The e-ROSA project seeks to build a shared vision of a future sustainable e-infrastructure for research and education in agriculture in order to promote Open Science in this field and as such contribute to addressing related societal challenges. In order to achieve this goal, e-ROSA’s first objective is to bring together the relevant scientific communities and stakeholders and engage them in the process of coelaboration of an ambitious, practical roadmap that provides the basis for the design and implementation of such an e-infrastructure in the years to come.
This website highlights the results of a bibliometric analysis conducted at a global scale in order to identify key scientists and associated research performing organisations (e.g. public research institutes, universities, Research & Development departments of private companies) that work in the field of agricultural data sources and services. If you have any comment or feedback on the bibliometric study, please use the online form.
You can access and play with the graphs:
- Evolution of the number of publications between 2005 and 2015
- Map of most publishing countries between 2005 and 2015
- Network of country collaborations
- Network of institutional collaborations (+10 publications)
- Network of keywords relating to data - Link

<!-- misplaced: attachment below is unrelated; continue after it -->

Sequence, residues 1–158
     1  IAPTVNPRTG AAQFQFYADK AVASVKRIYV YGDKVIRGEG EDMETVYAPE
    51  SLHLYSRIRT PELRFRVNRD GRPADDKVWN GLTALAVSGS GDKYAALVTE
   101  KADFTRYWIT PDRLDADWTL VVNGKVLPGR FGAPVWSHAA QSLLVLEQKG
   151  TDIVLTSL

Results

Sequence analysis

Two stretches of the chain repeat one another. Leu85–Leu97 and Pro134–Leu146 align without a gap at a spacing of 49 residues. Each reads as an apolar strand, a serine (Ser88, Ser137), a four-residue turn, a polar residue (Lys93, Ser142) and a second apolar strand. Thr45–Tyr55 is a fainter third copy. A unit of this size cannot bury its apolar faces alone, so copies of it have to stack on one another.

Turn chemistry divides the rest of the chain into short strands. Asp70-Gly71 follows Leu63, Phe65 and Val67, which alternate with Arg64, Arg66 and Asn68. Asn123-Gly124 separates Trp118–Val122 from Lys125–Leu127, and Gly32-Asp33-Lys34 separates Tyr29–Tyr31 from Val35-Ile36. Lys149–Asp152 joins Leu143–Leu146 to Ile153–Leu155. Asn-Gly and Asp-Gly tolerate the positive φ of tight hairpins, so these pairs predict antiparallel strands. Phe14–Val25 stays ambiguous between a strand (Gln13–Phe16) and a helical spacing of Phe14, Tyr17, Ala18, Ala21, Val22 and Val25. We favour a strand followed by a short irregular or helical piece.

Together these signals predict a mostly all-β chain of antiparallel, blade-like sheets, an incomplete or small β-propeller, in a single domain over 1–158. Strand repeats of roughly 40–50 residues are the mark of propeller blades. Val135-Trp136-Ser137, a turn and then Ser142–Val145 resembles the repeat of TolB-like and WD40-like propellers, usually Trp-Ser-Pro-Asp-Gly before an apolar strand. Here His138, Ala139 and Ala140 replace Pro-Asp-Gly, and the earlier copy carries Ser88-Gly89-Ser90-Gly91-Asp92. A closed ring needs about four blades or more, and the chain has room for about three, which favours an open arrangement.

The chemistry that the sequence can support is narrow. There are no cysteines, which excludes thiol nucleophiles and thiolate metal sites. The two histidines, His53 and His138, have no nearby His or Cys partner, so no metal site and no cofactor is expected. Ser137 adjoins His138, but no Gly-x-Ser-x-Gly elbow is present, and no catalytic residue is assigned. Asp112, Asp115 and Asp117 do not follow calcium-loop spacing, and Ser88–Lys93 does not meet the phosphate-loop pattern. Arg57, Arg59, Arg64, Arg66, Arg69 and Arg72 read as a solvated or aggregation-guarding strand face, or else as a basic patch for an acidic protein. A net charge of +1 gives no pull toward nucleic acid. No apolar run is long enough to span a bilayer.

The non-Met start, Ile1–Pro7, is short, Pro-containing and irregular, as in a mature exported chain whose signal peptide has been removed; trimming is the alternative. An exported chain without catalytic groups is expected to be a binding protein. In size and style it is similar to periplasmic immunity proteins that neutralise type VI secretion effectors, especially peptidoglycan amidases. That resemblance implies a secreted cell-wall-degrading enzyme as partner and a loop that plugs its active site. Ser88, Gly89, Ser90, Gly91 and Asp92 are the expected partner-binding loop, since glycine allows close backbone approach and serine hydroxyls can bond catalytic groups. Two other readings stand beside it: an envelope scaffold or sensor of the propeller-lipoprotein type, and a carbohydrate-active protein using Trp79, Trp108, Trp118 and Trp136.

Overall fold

Mobility is a key component of species' biology. Research on mobility is inherently difficult, however, resulting in studies of narrow taxonomic, spatial, and temporal scope with results that are difficult to compare between studies. We had three goals for our research: (1) construct a data set of mobility estimates for the butterfly species of Canada based on naturalists' knowledge; (2) develop methods to evaluate aspects of accuracy and precision for knowledge-based ecological research such as ours; and (3) using our data set, test mobility-related hypotheses of species-level relationships. We distributed a questionnaire to amateur and professional lepidopterists in Canada and northern USA, asking them to estimate the mobility of Canadian butterfly species based on their field experience. Based on responses from 51 lepidopterists with approximately 800 years of combined field experience, we received mobility estimates for almost all (291 out of 307) of Canada's butterfly taxa. Mobility estimates were consistent among respondents and were not affected by respondent expertise. Mobility carries a strong phylogenetic signal and is positively related to wingspan (albeit weakly), range size, and host plant breadth, and negatively related to conservation risk. Reliance upon naturalists' experience was essential to the feasibility of our project, and provides a promising method for many types of ecological research.
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